Gold Mining and Our Environment

876 Words4 Pages
Gold Mining and Our Environment If you had to pinpoint what might be one of the most polluting industries in the world today, what would you guess? A look at the bracelet on your wrist, the chain around your neck, or the ring on your finger might be a clue. It may come as a surprise, but records show that more than fifty percent of the world’s toxic emissions are produced in the gold mining industry. Over three-fourths of the gold mined today will end up as jewelry tomorrow. Throughout history, gold has been prized by men and women alike and the price for some gold jewelry, today, is quite affordable. But, is it really worth its weight in gold? If we included the risks to our environment and the people living near mining operations, for some the answer would be no. Regrettably, there are hidden toxic costs to the gold some of us choose to wear. The gold mining techniques used today do not resemble the techniques used in the early Gold Rush days, when prospectors arrived with pans and pick axes in search of gold. One process mining operations use today is called heap-leaching. The heap leaching method used to extract gold uses cyanide as part of the process. This can be toxic to fish and wildlife, and is therefore, an environmental concern with the mining of gold. Other concerns taken into consideration when dealing with the heap leaching process of gold mining are preventing bird poisoning on wet heaps and solution storage ponds, as well as the amounts of wind blown dust and other air contaminants spreading throughout the environment which can cause serious problems. A side effect of heap leaching which is of major concern is the contamination of surrounding land, surface water, and groundwater. It is the worst environmental consequence of gold mining. In some cases, acid mine drainage turns groundwater more toxic than battery acid. As for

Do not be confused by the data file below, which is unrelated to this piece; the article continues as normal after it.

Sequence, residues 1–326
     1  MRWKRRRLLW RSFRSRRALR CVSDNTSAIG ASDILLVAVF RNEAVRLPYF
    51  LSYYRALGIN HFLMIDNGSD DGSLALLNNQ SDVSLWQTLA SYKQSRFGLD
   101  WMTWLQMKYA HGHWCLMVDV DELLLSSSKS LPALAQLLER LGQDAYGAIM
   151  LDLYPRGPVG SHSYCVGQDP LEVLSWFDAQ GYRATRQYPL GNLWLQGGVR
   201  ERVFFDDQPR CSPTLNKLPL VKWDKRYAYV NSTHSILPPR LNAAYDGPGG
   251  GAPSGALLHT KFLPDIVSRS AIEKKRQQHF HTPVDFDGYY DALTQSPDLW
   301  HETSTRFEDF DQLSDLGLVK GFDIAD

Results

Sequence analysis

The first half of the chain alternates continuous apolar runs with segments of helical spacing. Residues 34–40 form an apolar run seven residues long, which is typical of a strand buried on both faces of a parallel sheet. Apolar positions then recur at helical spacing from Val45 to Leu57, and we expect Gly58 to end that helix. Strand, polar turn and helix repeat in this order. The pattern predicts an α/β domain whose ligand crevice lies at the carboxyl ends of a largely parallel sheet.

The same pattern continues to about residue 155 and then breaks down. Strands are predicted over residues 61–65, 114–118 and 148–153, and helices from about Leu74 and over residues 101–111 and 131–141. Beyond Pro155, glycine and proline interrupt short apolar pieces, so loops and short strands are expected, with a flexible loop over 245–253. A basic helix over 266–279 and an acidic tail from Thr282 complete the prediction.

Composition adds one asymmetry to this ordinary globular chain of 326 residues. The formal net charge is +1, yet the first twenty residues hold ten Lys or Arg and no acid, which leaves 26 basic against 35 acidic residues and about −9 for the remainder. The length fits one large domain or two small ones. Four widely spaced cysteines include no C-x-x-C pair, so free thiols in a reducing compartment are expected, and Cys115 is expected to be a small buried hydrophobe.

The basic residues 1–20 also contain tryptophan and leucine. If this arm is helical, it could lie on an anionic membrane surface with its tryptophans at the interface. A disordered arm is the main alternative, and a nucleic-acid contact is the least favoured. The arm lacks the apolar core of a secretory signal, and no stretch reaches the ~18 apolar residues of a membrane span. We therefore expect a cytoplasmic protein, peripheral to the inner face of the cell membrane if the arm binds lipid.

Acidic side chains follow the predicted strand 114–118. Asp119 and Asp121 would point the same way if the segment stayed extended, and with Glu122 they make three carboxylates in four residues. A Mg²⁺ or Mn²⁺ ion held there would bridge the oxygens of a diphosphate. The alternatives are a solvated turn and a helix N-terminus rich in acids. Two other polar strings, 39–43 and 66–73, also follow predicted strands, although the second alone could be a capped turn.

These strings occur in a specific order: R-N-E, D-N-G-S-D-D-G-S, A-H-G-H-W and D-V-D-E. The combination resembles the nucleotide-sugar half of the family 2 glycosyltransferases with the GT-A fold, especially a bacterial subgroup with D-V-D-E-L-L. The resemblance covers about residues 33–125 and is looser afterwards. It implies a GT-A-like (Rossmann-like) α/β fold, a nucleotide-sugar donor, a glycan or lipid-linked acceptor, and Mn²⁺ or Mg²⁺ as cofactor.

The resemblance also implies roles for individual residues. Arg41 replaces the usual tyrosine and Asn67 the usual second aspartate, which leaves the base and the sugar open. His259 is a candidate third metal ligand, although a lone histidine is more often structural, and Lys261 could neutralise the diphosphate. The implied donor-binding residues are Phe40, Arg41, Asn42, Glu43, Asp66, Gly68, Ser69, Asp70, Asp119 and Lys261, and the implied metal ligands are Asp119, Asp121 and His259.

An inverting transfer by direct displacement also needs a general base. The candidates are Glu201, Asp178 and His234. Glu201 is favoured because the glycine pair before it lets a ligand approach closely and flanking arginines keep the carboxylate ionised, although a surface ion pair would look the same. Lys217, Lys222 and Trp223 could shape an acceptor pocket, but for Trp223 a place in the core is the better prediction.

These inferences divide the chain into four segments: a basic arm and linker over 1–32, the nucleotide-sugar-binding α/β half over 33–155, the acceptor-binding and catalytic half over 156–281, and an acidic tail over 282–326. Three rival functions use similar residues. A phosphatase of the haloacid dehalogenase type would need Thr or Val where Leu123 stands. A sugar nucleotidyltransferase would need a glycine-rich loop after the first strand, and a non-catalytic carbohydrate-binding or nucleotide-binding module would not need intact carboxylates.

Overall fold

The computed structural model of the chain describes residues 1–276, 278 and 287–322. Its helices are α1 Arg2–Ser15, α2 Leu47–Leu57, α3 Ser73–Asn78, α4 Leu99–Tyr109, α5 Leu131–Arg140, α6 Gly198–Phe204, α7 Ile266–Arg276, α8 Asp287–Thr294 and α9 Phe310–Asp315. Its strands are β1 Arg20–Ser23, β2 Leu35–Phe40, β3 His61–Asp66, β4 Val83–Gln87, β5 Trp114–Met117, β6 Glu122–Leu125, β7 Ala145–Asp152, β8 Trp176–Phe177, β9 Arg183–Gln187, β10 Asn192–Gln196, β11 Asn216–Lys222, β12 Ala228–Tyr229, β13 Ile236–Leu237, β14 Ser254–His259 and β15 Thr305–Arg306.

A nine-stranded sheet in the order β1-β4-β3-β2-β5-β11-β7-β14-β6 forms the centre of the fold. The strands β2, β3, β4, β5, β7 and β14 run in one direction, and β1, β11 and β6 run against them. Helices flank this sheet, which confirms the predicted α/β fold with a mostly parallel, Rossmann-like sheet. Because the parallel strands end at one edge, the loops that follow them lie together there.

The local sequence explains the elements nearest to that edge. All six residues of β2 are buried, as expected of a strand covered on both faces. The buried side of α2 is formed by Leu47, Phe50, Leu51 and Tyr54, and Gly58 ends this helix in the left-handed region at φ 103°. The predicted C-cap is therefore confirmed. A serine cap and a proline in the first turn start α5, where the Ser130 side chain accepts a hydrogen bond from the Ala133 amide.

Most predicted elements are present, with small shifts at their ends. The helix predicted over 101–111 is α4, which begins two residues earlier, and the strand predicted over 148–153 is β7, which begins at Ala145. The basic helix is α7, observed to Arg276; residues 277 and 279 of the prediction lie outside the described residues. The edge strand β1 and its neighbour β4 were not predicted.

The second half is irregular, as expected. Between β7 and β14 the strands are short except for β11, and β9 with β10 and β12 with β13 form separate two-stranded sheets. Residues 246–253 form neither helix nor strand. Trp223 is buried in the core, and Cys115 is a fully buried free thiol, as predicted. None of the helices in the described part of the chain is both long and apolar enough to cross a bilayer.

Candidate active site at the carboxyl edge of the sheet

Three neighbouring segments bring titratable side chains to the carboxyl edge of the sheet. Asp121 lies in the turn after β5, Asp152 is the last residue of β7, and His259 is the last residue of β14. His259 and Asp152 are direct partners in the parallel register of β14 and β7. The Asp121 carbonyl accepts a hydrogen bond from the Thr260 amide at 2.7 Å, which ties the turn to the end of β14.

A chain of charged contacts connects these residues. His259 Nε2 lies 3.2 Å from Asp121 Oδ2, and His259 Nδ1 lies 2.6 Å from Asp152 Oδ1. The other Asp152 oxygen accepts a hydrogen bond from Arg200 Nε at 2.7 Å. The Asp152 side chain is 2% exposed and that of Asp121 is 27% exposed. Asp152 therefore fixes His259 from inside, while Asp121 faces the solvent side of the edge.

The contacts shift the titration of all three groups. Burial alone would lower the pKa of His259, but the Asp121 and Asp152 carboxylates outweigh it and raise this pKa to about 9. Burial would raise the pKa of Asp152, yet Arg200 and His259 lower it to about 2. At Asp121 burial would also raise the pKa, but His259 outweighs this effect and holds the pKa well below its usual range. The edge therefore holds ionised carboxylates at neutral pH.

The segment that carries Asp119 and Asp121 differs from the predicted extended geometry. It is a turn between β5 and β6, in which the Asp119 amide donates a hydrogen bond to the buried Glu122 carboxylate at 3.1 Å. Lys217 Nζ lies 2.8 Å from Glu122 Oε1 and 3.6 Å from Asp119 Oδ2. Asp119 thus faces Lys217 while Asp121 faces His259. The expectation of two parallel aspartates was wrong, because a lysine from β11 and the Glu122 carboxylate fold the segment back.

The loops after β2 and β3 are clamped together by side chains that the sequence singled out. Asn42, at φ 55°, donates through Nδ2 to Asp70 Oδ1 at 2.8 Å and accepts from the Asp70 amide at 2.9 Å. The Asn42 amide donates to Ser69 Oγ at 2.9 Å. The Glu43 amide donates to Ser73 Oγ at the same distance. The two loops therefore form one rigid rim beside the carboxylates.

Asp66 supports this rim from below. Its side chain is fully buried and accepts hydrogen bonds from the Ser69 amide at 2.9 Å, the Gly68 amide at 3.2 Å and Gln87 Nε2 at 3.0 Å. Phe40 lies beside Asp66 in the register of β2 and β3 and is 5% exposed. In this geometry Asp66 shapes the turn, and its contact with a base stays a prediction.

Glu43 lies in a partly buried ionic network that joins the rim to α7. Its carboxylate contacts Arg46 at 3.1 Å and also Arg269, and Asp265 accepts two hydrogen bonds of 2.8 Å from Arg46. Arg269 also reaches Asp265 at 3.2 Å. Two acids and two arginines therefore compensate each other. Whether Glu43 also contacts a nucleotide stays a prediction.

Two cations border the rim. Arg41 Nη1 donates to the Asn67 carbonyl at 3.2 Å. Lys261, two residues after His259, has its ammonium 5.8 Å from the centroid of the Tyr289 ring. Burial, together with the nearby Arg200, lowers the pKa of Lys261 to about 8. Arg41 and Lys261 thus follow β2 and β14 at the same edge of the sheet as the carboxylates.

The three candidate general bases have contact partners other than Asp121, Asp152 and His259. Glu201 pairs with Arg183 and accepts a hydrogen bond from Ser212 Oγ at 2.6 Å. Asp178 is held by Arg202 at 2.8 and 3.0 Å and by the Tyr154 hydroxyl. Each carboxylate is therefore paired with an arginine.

More about Gold Mining and Our Environment

Open Document